Listing 1.2 - SPARQL queries and results

<!-- SPARQL Sample 1 -->

SELECT ?Homepage
WHERE { ?Homepage <http://www.w3.org/2001/vcard-rdf/3.0#FN>  "John Doe" }

------------------------------
| Homepage                   |
==============================
| <http://acmecorp/JohnDoe/> |
------------------------------


<!-- SPARQL Sample 2 -->
PREFIX info: <http://www.example.com/peopleInfo#>

SELECT ?Employee
WHERE 
  {
    ?Employee info:seniority ?seniority .
    FILTER (?seniority >= 10)
  }

-----------------------------------
| Employee                        |
===================================
| <http://acmecorp/SallyJohnson/> |
| <http://acmecorp/JohnDoe/>      |
-----------------------------------

<!-- SPARQL Sample 3 -->
PREFIX info:   <http://www.example.com/peopleInfo#>
PREFIX vcard:  <http://www.w3.org/2001/vcard-rdf/3.0#>

SELECT ?Name ?Seniority ?Title
WHERE 
{
    ?person vcard:FN  ?Name .
    ?person info:seniority ?Seniority .
    ?person vcard:TITLE ?Title .
}

--------------------------------------------------------------
| Name               | Seniority | Title                     |
==============================================================
| "Frank Tarrington" | 8         | "Sales Rep"               |
| "Peter Erlang"     | 5         | "Programmer"              |
| "Sally Johnson"    | 10        | "Marketing VP"            |
| "John Doe"         | 12        | "Chief Executive Officer" |
--------------------------------------------------------------

[End Listing 1.2]

The first SPARQL query is as simple as it gets, indicating a query be performed on the VCard RDF namespace for an #FN value of "John Doe", with the ?Homepage value representing a variable to which the corresponding result is assigned. The output for this particular query points toward the rdf:about value which is the contact's main page.

The second SPARQL query uses the PREFIX value to assign an RDF namespace to a variable that is later used inside the query. This particular query uses the supplemental VCard RDF value of seniority in the http://www.example.com/peopleInfo namespace, as well as, SPARQL's FILTER qualifier. The results for this query return all the VCard RDF contacts with a seniority greater than 10, with the results also pointing toward the matching contact's rdf:about value. The last SPARQL query simply performs a search on both namespaces included in the VCard RDF structure, and outputs every contact's name, seniority and title.

In order to execute SPARQL queries, you can rely on a tool like Jena -- a Semantic Web framework written in Java that includes a SPARQL query engine. Jena's SPARQL query engine will allow you to input both an RDF structure and SPARQL statement, and output query results to either a standalone console or integrate them as part of a greater Java application.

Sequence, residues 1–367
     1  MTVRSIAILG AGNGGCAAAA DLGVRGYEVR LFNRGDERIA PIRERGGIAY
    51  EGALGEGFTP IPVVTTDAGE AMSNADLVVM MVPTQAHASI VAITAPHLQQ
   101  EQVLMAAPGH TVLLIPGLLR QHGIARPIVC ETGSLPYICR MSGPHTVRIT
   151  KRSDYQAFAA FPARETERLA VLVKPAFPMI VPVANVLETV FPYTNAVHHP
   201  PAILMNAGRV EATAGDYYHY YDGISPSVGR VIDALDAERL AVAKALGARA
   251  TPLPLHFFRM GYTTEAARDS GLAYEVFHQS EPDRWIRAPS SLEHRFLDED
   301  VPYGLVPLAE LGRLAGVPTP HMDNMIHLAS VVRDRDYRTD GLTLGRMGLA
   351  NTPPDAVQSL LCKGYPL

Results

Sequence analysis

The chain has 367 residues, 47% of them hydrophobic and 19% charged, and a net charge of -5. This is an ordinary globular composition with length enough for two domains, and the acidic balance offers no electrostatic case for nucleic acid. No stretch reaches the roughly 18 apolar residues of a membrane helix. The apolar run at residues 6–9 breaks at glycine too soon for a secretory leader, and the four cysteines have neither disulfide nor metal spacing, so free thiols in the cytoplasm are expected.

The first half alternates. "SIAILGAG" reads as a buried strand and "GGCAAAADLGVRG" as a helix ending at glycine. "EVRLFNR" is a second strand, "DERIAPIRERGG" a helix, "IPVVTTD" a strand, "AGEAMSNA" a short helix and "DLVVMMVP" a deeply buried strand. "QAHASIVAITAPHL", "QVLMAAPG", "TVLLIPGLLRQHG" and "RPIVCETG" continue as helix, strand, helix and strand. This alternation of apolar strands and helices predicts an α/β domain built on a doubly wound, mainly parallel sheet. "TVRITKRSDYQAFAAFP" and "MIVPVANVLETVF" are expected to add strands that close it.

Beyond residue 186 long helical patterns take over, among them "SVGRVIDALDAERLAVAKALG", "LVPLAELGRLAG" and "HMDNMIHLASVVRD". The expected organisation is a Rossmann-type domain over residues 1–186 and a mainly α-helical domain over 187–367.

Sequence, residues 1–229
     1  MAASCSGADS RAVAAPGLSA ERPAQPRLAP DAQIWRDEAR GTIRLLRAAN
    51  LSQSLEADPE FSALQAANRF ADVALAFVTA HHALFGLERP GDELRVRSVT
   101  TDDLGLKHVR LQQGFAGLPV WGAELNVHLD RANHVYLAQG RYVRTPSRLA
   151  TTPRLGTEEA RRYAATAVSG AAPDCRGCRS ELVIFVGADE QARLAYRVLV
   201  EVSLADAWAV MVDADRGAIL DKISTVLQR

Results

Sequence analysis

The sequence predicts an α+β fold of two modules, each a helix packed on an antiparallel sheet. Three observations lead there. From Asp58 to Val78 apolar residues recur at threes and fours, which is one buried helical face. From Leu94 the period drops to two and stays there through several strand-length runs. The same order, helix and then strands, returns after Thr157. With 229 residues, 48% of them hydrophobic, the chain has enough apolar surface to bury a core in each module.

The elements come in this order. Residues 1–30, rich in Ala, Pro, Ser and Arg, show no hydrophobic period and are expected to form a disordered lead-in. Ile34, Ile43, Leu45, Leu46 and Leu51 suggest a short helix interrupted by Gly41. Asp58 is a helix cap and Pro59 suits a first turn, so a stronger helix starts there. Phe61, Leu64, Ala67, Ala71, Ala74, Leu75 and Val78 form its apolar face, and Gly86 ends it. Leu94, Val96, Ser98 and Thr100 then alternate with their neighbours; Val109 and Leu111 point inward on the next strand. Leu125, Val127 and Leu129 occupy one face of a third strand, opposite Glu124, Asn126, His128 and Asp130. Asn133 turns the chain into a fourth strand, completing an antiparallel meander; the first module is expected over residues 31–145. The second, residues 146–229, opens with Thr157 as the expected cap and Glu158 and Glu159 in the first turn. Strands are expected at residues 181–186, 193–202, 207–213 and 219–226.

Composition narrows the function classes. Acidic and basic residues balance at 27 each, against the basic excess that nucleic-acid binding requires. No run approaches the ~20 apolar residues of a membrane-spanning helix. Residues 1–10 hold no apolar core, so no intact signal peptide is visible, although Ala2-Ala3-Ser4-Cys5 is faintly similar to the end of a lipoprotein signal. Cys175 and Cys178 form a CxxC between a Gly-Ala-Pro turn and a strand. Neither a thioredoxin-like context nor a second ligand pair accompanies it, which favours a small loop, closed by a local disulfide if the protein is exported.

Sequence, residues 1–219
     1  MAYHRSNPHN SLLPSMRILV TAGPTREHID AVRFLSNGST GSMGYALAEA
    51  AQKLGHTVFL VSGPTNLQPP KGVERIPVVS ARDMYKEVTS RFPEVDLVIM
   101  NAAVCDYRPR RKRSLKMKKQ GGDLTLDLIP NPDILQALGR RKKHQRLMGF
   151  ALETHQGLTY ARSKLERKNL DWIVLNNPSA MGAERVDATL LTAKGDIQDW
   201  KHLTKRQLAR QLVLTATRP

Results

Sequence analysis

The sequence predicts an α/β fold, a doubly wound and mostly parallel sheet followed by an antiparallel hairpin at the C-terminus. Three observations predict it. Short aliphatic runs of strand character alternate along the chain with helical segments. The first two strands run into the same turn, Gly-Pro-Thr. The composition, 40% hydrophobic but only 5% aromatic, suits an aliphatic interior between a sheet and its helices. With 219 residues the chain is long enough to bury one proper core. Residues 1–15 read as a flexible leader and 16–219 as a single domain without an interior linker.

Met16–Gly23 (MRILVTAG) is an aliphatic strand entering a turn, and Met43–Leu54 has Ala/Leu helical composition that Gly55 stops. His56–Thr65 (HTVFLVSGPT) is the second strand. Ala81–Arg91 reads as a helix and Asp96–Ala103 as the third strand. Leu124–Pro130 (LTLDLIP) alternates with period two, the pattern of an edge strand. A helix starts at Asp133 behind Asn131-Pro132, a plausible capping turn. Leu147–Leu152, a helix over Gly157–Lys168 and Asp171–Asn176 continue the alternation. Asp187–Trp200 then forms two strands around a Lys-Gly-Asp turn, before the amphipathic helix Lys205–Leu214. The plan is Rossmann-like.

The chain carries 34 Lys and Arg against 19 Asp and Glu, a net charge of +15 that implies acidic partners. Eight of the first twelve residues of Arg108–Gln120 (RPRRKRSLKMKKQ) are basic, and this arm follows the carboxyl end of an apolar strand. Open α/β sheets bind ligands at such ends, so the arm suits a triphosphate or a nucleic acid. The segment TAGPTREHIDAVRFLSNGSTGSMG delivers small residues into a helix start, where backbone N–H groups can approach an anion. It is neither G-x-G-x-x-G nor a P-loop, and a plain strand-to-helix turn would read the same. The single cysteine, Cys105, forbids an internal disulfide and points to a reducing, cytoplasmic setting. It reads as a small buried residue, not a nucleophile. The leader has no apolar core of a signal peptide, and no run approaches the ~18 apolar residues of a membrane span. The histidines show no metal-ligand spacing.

On related issues, SPARQL also defines its own SPARQL Protocol to convey SPARQL queries via Web services, and a corresponding SPARQL Query Results XML Format used to represent query results performed against RDF structures.

Additionally, it is also worth mentioning that SPARQL queries are often performed against an abbreviated form of RDF named Turtle - Terse RDF Triple Language , which is nothing more than a compact version RDF, though harder to read by humans, it is a more efficient syntax for machine processing.

Though RDF and SPARQL aren't mainstream compared to other markup and query languages, they both set an important precedent for organizations wanting to make their content Semantic Web friendly, and with it facilitate the creation of custom data mining applications. Keyword data mining via search engines and their supplemental Web services will never go out of style because they are simply too easy to use, but it's important to realize major search engines can take months, years or often times never extract relevant meaning on certain content. By using RDF, a resource's meaning can improve dramatically aiding in any data mining efforts, and with SPARQL providing the foundations to search such structures, any organization is capable of creating more intelligent data mining applications leveraging both technologies.

About the author
Daniel Rubio is an independent technology consultant with over 10 years of experience in enterprise and web-based software, he blogs regularly on these and other software areas.


This was first published in August 2008